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Early Milkmen!

Odds and Ends From The MUSEUM!

By Trudy Wyman, Curator, Millinocket Society Museum

Today if you want a glass of milk, milk in your coffee etc. you make a stop at the grocery store for a quart or two in plastic containers. In days past, the local milkman left it on your doorstep in glass bottles that had a paper cap with a little pull tab on it! In the winter, if you did not take the bottles inside soon enough, the milk would freeze and the paper cap would be pushed up and be sitting on top of a couple of inches of frozen cream. The milk was not pasteurized and the thick cream rose to the top of the bottle. Depending on the time period, from the early 1900’s to the 1960’s or so when home delivery ended, this was common practice.

Author Dorothy Laverty’s book states that Fred Clifford was possibly Millinocket’s first milk peddler. He had a small farm on the road to Stone Dam. Bert Rush had his own dairy herd out near the railroad station. From early days, with Millinocket’s lack of actual farms, milk was transported to town via the train, usually from points north. It came in large milk cans, was picked up by various milk peddlers, bottled and delivered door-to-door to customers. Names such as Jones, Keeley, Boddy and Mulroney are mentioned by Laverty as having milk routes.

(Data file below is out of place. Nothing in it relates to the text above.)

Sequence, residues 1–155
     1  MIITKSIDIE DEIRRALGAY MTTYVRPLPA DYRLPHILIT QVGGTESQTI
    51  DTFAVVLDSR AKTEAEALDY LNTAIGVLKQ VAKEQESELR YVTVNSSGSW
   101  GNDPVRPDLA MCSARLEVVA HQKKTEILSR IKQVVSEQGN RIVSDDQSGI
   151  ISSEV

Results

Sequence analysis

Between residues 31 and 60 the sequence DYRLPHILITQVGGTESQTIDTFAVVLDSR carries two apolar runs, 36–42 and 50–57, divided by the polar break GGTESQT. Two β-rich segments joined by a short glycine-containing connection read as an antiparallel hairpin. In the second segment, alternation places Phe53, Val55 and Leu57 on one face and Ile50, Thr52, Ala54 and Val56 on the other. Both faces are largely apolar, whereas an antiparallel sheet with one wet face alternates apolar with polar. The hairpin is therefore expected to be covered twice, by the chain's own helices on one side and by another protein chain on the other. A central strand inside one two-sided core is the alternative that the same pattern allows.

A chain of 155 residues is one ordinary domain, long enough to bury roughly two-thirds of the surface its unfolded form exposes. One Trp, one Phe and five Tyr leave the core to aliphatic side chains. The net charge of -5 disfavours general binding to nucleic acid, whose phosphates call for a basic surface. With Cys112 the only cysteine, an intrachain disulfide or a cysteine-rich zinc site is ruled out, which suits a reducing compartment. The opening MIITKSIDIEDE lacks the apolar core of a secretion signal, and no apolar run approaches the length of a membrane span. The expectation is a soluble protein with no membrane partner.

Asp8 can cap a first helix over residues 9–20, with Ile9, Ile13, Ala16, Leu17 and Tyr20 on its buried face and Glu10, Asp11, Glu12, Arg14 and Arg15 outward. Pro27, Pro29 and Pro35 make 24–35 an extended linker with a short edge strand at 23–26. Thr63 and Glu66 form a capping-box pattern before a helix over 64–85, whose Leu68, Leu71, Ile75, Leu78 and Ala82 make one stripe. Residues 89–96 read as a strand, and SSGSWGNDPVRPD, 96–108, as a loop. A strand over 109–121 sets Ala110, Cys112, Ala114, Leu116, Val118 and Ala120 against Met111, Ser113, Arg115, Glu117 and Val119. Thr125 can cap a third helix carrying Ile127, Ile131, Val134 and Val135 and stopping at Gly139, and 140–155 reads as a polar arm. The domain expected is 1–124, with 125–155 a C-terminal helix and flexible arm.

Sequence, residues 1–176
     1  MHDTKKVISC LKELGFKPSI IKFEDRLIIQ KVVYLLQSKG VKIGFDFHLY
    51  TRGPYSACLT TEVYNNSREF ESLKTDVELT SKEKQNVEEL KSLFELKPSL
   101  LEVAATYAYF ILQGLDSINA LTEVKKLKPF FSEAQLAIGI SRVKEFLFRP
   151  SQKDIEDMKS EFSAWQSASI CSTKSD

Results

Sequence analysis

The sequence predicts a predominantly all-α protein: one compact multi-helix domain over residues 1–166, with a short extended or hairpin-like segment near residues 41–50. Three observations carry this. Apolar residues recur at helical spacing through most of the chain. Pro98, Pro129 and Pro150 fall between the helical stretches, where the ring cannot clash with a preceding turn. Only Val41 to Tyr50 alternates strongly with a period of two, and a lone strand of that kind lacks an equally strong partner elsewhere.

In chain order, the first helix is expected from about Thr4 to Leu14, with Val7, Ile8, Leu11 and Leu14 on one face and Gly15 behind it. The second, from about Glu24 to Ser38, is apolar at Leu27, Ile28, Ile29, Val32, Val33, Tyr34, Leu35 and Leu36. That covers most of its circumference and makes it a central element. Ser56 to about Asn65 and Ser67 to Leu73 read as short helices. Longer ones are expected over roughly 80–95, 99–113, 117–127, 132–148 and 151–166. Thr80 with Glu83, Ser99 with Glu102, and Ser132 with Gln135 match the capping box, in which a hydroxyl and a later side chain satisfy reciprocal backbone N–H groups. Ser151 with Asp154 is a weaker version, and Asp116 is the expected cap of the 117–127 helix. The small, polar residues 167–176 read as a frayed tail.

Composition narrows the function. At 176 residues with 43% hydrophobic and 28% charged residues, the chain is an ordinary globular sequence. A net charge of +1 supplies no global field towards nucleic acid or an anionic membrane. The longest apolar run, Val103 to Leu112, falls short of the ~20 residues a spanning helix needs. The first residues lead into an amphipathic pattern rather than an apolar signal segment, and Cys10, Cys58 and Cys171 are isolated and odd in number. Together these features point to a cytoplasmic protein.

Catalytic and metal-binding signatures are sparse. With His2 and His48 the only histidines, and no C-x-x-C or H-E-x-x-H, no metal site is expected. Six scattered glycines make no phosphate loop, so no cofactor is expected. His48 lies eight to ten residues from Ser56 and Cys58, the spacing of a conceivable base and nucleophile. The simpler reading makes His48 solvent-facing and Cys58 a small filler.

A 1920’s news article says, “William J. Boddy & Leonard Farrell visited Summit Farms (in Davidson) recently to better familiar themselves with the care of stock and the most sanitary and up-to-date handling of milk.” In another article, Boddy invited the public to visit and inspect the milk-room. Another 1920’s news mention, “Horace Jones, who has been employed in the mill has left his position and purchased the milk route of his father George Jones.”

As years passed, Gerald Rush acquired the Rush farm business, joined with Mulroney and they bought the Jones and Boddy businesses and formed Sno-land Dairy. In 1962, Grant’s Dairy purchased Sno-land and all milk came in processed and bottled from Bangor.

The museum has milk/cream bottles (quart, pint, half-pint, or gil) from BF Rush, Boddy’s, Keeley’s, Mulroney’s and Sno-land Dairies. Would like more information on any of those. Still seeking a bottle from Jones’ Dairy plus information/photos of any of the above-mentioned dairies, their location and stories about the owners. The Laverty book also mentions Clowes, Gauvin and Reed as milk deliverers. Stop in or contact MHS if you can add info, photos, stories or ephemera (paper items such as advertising) to the museum’s collection!

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